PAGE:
When you chose plants it’s usually for one of two reasons – aesthetics or function. We want a plant to have a look that we like or do a job that we want done. As we make these choices, we may or may not get around to what should be the first choice in plant success – what does the plant want?
At this time of the year, we normally think of heat, dry, and watering. Which plants tolerate arid conditions? The first that come to mind would be succulents. They would be like cactus without thorns. Their “fleshy” tissue holds the water within. For color and drought resistance, sedum is hard to beat. This can be green, red, gold, or blue foliage, and a variety of bloom color. It can be a ground cover or an upright sedum. This is a great choice to enhance or naturalize any landscape. They work particularly well with boulders, stone mulch, black mulch, and dark brown mulch. “Autumn Joy” is a jade green upright foliage with pink blooms. “Angelina” is a gold ground cover type. Any sedum will give a long-lasting and low-maintenance landscape quality.
Some other good choices for these same reasons would include Russian sage, coneflower, daylily, black-eyed Susan, and Shasta daisy in perennials. Larger shrubs might be smoke bush, false spirea, cut leaf buckthorn, nine-bark, butterfly bush, and vitex. These all bring unique aesthetic character to your landscape.
For naturalizing and being low maintenance, you can’t make a better choice than boulders or ornamental grasses. Both come in an array of colors, shapes, and sizes. The rocks, like the sedum, are thought to “live forever.”
When you’re concerned with heat and dry, plant in the shade. Once again, if you want low maintenance and looks in the shade, pick plants that thrive there. The selections for shade could include hosta, bleeding heart, ferns, and Japanese forest grass. These are all foliage and bloom choices. Some of the very best shade choices would be liriope, astilbe, and coral bells. Liriope is a dwarf grassy foliage of either green, blue or white varigation. It is also known as lily turf, and has white or purple spike flowers. Astilbe is a great shade bloom, of pink, white, or red.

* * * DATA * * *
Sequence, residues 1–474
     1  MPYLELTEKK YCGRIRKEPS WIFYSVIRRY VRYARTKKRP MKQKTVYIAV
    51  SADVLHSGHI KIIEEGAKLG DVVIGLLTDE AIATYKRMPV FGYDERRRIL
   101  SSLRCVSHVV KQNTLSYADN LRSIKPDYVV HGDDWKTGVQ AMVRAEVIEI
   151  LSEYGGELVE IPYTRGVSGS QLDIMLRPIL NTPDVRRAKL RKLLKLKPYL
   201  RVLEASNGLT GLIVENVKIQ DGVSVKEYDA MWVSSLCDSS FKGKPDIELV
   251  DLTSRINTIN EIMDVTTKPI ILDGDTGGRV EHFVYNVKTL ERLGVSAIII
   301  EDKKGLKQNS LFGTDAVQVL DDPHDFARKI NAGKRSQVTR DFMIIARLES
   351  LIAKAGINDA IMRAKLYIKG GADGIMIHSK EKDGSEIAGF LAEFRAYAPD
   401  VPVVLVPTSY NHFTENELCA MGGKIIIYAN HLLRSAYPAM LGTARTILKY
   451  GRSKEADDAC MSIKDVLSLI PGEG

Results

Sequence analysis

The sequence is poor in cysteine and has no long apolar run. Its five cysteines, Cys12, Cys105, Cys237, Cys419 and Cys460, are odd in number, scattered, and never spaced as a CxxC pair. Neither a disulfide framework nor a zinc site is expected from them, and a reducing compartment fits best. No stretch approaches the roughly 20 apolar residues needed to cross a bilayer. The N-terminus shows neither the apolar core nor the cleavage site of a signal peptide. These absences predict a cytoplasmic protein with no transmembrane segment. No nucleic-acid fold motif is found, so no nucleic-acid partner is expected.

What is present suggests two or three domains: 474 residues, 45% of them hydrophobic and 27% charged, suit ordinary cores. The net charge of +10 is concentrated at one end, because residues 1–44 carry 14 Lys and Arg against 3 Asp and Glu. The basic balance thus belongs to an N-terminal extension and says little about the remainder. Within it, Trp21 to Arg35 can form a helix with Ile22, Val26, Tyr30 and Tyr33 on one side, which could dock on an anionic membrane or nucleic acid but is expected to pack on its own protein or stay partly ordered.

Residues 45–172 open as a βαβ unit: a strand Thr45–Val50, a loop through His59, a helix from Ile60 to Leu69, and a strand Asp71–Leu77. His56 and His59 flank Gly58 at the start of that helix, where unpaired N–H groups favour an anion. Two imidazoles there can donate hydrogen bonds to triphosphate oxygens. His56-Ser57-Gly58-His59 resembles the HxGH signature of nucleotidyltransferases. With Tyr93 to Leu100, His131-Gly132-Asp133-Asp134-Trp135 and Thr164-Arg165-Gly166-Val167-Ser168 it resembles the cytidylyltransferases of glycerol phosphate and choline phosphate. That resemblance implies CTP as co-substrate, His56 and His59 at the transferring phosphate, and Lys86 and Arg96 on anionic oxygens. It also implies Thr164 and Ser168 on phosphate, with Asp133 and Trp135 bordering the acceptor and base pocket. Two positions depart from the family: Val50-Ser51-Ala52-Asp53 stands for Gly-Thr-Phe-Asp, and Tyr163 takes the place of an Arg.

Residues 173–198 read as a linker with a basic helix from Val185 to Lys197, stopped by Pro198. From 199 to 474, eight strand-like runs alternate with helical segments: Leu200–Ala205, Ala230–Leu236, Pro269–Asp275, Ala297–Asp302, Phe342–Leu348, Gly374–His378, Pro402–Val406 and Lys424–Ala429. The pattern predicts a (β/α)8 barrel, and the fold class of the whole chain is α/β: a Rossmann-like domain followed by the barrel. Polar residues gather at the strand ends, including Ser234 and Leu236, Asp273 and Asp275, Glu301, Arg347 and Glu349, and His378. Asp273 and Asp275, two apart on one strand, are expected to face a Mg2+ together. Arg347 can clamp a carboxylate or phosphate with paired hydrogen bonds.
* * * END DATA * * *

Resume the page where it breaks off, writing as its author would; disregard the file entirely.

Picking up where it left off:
The coral bells have grown to quite a market. The name is due to its little “bell”- like blooms and are white, red, or pink in color. This is not why I use it. The foliage is much longer lasting, much more diversified and unique. This foliage may be green, silver, red, peach, caramel, chartreuse, or butterscotch. It also has very prominent and contrasting veination that adds texture to this plant. This foliage will go through seasonal change and offer diversity and variety within itself. There is a lot to be said for how it enhances its surroundings. The caramel and butterscotch, will display nicely on dark brown and/or black mulch, while the red and peach corral bells show up very nicely on stone mulch.
Don’t forget the lawn during this drier season. Of course, you can water the lawn, but there are other wise choices, also. Set the deck on the highest position. Mowing it high allows the taller grass to shade the root zone better, and creates less stress on the grass. Don’t mow often. Instead of mowing every week, mow every 10-15 days. This works for most of us and it will work for you. Several indicators can guide you. If you have been treating the lawn, you shouldn’t have many weeds, but there are usually a few. These weeds will “grow like a weed,” and tell you when your lawn looks too tall. If you can’t see where you’ve been as you mow, other than the tire tracks, you probably didn’t need to mow yet. If you create a Dust Bowl effect as you mow, maybe it’s not best for you or your grass.
As we go through this year of abnormal season, we can look forward to the next season, but we can’t predict it. I’ve said it before and I’ll say it again, because it’s the basis of your success.
Plant friendly is planet friendly, so plan it friendly and plant it friendly.